The interstellar medium was simulated with the aforementioned two components: the molecular cloud, Sgr A East interacts with, and the stellar wind of the nuclear star cluster. One of the free parameters determined by the simulation was the position of the original explosion. Since the authors did assume that Sgr A East ist on the younger side, the explosion site was constrained to be located not too far removed from where the remnant is today.
The simulations ran to an age of 30 thousand years, while the properties and parameter values for the modeled version of Sgr A East were extracted and recorded after each passing millennium for later use in the fitness function. Thus, the obtained values were compared to reality at a one thousand year interval in order to pin down an age for the remnant.
Fig. 2 shows the results of the fitness function over the age range as well as cases for the interstellar medium being dominated only by the molecular cloud or only by the stellar wind of the nuclear star cluster. It is obvious that the simulations in general fit the observed properties of Sgr A East much better, if both the wind and the cloud are taken into account, and more specifically for ages of at least 5 thousand years. Below that limit, the agreement falls off sharply and the best fit was actually found for an age of ten thousand years, however ages of 19 and 29 thousand years cannot be excluded, as they display very high logarithms of the fitness function as well.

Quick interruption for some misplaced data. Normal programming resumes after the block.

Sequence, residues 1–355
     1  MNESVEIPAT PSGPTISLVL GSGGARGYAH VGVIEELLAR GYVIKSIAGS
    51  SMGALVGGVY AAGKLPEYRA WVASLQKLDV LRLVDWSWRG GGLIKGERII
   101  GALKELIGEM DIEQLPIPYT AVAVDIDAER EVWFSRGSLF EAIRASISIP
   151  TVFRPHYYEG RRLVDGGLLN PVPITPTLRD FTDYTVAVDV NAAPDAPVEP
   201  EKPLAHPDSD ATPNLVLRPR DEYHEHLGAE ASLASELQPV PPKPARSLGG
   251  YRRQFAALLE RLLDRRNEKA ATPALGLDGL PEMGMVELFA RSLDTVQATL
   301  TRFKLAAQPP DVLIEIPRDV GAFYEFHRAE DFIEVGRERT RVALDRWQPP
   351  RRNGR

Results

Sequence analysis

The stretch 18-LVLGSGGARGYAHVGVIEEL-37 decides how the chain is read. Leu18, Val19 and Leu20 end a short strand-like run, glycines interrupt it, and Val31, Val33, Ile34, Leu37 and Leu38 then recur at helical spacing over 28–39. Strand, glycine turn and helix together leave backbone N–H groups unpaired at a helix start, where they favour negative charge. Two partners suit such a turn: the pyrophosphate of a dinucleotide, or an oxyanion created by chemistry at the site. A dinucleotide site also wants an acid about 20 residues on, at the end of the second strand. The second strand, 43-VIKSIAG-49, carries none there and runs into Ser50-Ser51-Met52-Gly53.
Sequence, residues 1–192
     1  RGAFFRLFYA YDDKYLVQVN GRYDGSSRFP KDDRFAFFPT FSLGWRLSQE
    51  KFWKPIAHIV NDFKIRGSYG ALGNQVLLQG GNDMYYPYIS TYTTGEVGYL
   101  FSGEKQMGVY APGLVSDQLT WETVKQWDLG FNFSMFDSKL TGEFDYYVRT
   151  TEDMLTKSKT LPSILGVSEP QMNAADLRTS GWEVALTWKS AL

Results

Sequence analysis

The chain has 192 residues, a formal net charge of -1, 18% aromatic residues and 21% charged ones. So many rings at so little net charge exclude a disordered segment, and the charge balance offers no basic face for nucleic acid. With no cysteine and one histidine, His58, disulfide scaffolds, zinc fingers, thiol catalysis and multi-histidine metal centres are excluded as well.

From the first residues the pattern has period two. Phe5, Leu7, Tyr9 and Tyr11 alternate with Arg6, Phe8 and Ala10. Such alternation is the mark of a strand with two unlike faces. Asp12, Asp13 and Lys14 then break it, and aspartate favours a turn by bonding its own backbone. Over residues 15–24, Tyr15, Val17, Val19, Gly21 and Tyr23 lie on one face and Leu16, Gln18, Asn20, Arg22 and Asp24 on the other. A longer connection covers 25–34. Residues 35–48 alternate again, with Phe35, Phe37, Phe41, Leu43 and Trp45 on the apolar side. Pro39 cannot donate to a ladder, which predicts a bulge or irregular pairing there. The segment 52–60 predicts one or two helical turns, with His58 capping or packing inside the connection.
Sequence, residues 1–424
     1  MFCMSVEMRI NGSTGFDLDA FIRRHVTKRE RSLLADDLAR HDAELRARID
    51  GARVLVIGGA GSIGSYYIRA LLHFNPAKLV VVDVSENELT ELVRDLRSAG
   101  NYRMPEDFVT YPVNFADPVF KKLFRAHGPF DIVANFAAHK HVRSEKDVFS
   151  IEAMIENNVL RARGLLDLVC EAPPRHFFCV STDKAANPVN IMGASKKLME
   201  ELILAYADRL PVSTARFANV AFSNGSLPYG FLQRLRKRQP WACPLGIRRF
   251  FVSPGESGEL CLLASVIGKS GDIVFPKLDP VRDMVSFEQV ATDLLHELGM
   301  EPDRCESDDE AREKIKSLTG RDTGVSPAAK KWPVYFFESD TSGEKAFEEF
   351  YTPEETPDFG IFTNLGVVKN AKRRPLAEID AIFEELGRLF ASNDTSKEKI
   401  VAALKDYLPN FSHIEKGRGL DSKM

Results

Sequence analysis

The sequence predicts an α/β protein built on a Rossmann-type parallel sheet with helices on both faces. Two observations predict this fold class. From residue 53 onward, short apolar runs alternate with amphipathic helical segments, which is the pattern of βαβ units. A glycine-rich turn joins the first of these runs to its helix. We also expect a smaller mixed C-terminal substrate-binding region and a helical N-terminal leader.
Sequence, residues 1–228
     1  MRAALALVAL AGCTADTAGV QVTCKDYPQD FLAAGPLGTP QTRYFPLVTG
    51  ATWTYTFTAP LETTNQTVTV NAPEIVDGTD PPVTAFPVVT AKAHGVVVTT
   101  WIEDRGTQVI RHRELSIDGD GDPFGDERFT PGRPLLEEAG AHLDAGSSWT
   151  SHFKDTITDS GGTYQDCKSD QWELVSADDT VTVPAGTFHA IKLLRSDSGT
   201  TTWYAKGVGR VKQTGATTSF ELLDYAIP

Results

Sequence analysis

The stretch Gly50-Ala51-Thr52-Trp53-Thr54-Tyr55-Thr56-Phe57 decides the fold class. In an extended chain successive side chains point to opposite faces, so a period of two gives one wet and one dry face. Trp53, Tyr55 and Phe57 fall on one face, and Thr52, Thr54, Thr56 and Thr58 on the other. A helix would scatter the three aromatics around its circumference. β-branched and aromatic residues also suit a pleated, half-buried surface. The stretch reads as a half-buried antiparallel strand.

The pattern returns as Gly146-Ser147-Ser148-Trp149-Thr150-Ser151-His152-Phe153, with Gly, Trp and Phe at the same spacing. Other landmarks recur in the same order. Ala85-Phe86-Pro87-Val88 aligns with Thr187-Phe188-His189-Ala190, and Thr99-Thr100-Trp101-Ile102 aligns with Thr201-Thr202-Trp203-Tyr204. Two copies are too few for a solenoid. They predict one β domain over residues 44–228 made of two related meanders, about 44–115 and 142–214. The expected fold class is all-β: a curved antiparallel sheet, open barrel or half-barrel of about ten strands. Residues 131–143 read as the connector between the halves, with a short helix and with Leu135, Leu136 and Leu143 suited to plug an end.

Where Everything Goes
The position of the original supernova explosion is actually constrained quite sharply by these models (see Fig. 3). It appears to lie within the expanding shell that is Sgr A East, around 3.7 pc from the supermassive black hole Sgr A*.